Smartphones can deliver shocks to patients who wear pacemaker devices.
All those people who wear cardiac devices should keep a safe distance from smartphones in order to avoid unwanted painful shocks or pauses in function. This has been stated by EHRA EUROPACE—CARDIOSTIM 2015 by Dr. Carsten Lennerz.
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Dr. Lennerz is the first author and cardiology resident in the Clinic for Heart and Circulatory Diseases, German Heart Center, Munich, Germany. The doctor stated that the pacemakers can sometimes mistakenly detect electromagnetic interference (EMI) from the smartphones as a cardiac signal which causes them to briefly stop working. This then leads to a pause in the cardiac rhythm of the pacing dependent patient and could even result in syncope.
The device manufacturers along with regulatory institutions which include the US Food and Drug Administration (FDA) have recommended such people a safety distance of 15 to 20 cm between pacemakers or ICDs and mobile phones. This advice has been based on the studies that have been performed primarily in pacemakers 10 years ago.
Now much has changed since the last 10 years and so the current study has basically evaluated whether the recommended safety distance is still relevant with the new smartphones and cardiac devices. Well a total of 308 patients were exposed to the electromagnetic field of three common smartphones which included the Samsung Galaxy 3, Nokia Lumia and HTC One XL, which were placed on the skin directly above the cardiac device.
After this the smartphones were connected to a radio communication tester which works like a mobile network station. The investigators then put these smartphones through a standardized protocol of the calling process which included connecting, talking and disconnecting.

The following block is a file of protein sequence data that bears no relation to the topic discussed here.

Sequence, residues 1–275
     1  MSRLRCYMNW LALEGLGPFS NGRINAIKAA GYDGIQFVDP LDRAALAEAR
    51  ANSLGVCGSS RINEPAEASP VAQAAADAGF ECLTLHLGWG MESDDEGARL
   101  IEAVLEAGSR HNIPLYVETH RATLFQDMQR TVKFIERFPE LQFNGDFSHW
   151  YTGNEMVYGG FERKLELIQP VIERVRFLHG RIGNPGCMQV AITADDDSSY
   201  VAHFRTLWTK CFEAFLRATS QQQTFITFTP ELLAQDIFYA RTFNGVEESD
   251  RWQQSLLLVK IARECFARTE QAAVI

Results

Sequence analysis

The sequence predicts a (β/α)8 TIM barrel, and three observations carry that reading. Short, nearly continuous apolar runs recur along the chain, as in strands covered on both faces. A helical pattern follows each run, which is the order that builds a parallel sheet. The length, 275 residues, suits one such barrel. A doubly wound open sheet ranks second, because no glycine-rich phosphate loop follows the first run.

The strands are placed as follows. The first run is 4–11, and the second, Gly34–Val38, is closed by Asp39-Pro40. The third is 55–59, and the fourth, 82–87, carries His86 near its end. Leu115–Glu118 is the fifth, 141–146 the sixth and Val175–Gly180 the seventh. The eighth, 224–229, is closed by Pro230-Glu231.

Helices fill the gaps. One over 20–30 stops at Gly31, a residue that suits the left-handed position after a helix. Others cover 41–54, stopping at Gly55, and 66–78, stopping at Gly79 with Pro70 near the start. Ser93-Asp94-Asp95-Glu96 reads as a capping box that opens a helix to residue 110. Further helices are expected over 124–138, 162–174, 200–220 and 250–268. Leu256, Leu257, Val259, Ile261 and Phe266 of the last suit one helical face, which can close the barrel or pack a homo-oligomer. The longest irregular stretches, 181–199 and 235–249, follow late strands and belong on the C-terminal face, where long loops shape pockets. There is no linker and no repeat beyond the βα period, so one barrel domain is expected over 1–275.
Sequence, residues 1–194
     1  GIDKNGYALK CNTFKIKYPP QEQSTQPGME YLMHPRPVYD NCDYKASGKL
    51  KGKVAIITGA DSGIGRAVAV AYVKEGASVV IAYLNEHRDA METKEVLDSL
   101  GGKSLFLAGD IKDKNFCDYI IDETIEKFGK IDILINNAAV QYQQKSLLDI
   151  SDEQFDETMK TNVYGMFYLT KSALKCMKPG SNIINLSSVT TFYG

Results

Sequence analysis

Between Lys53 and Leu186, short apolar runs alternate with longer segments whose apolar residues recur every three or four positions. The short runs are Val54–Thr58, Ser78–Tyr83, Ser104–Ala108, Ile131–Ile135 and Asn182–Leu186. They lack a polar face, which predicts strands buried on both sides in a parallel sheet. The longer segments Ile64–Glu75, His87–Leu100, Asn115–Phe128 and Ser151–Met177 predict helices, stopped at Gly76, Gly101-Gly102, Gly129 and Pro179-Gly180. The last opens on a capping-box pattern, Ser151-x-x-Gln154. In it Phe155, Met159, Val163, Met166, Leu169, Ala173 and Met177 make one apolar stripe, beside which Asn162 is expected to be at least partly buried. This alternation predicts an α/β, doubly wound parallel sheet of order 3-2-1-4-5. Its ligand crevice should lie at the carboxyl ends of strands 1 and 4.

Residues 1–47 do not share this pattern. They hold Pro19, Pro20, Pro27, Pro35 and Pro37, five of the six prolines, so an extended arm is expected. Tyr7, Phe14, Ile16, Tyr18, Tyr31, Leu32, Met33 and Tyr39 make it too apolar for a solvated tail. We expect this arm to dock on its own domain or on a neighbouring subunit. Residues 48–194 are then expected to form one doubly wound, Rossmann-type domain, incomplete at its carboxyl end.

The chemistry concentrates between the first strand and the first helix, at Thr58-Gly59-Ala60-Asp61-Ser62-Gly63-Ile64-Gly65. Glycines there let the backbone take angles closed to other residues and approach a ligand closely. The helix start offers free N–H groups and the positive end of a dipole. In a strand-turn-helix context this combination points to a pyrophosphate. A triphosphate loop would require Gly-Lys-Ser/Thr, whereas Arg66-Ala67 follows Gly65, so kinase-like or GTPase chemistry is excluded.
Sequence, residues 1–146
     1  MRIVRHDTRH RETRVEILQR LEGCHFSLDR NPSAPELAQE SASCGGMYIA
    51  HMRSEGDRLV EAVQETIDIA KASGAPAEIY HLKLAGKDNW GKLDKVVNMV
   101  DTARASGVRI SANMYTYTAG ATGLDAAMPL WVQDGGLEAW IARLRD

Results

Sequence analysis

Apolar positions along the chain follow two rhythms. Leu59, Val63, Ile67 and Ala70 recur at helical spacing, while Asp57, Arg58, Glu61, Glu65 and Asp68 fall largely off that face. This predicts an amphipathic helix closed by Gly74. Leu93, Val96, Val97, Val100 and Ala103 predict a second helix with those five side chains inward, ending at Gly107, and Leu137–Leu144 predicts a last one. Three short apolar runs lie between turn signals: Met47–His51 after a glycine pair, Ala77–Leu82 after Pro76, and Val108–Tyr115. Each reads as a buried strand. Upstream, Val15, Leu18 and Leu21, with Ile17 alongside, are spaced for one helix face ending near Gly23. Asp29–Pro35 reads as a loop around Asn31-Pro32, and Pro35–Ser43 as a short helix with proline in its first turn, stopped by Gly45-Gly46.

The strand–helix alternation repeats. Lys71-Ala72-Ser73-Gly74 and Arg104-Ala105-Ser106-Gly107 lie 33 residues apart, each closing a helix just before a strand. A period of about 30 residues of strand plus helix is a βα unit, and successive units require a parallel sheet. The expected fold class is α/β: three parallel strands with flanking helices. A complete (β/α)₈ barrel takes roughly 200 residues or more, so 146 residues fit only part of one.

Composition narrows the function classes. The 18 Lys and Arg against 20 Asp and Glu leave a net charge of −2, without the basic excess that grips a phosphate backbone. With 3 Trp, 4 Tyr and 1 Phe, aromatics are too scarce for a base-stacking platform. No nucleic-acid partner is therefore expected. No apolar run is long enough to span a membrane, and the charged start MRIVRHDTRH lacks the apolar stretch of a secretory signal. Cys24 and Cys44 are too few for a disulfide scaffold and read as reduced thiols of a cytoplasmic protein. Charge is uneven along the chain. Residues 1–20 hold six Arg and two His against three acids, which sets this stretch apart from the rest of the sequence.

Dr. Lennerz stated that from the earlier studies they know that the most vulnerable phases of a call are ringing and connecting to the network and so it was quite important to analyze these separately.
He also explained that one out of 308 patients was affected by EMI caused by smartphones. This happened because this patients MRI compatible ICD had wrongly detected electromagnetic waves from the Nokia and HTC smartphones that were operating on GSM or UMTS.
Then in a second study on EMI the researchers have advised limiting exposure to high voltage power lines. This study had been conducted in response to public concerns about bicycle routes and walking paths under high voltage power lines and whether these are safe for the patients.
Dr. Katia Dyrda who is a cardiologist at Montreal Heart Institute stated that High electricity fields sometimes interfere with the normal functioning of cardiac devices and can be dangerous for the patients as it delivers inappropriate shocks.
This study had exposed 40 cardiac devices from five different manufacturers to electric fields up to 20 kV/m in a high voltage laboratory. The researchers found out that when pacemakers were programmed to nominal parameters and in bipolar mode they were immune to EMI up to 8.6 kV/m.